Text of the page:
Nearly every digital copier built since 2002 contains a hard drive – like the one on your personal computer – storing an image of every document copied, scanned, or emailed by the machine. In the process, it’s turned an office staple into a digital time-bomb packed with highly-personal or sensitive data.
If you’re in the identity theft business it seems this would be a pot of gold. “The type of information we see on these machines with the social security numbers, birth certificates, bank records, income tax forms,” John Juntunen said, “that information would be very valuable.”
This past February, CBS News went with Juntunen to a warehouse in New Jersey, one of 25 across the country, to see how hard it would be to buy a used copier loaded with documents. It turns out … it’s pretty easy.
Juntunen picked four machines based on price and the number of pages printed. In less than two hours his selections were packed and loaded onto a truck. The cost? About $300 each.
Until we unpacked and plugged them in, we had no idea where the copiers came from or what we’d find.
We didn’t even have to wait for the first one to warm up. One of the copiers had documents still on the copier glass, from the Buffalo, N.Y., Police Sex Crimes Division.
It took Juntunen just 30 minutes to pull the hard drives out of the copiers. Then, using a forensic software program available for free on the Internet, he ran a scan – downloading tens of thousands of documents in less than 12 hours.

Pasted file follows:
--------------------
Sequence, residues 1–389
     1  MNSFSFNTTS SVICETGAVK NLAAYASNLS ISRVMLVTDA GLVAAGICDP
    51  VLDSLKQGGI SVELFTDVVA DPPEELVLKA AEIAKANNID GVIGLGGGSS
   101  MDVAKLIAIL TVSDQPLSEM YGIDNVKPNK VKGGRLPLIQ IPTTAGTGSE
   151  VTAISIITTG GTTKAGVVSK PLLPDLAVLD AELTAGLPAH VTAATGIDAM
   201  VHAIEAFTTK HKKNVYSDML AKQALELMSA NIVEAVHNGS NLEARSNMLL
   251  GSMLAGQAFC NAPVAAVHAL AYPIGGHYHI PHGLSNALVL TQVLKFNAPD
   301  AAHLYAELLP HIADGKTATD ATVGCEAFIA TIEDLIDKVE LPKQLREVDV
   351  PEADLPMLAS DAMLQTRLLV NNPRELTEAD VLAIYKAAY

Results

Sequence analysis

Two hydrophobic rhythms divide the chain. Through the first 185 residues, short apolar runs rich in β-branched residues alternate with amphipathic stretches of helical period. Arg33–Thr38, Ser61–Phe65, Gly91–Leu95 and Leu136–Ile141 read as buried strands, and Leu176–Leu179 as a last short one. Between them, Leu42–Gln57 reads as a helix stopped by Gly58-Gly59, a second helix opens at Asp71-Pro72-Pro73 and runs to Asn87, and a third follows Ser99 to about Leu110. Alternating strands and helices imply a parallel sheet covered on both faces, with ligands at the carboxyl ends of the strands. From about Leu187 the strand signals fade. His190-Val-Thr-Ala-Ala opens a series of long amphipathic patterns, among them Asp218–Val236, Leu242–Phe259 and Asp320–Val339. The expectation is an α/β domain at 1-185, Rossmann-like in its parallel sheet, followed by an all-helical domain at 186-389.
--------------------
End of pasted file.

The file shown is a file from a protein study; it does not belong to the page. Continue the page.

The results were stunning: from the sex crimes unit there were detailed domestic violence complaints and a list of wanted sex offenders. On a second machine from the Buffalo Police Narcotics Unit we found a list of targets in a major drug raid.
The third machine, from a New York construction company, spit out design plans for a building near Ground Zero in Manhattan; 95 pages of pay stubs with names, addresses and social security numbers; and $40,000 in copied checks.
But it wasn’t until hitting “print” on the fourth machine – from Affinity Health Plan, a New York insurance company, that we obtained the most disturbing documents: 300 pages of individual medical records. They included everything from drug prescriptions, to blood test results, to a cancer diagnosis. A potentially serious breach of federal privacy law.
Ever wonder why your copier is hooked up to the internet? I’m pretty sure if your wired in the documents get transferred to a server somewhere. Possible breaches daily and if you happen to sell your printer second hand, that person could possibly harvest your data and use it to their advantage like above. Pretty creepy but so is the new TV set-top-boxes that have cameras and microphones to ‘spy’ on you for mood advertisements. The Orwellian society is here!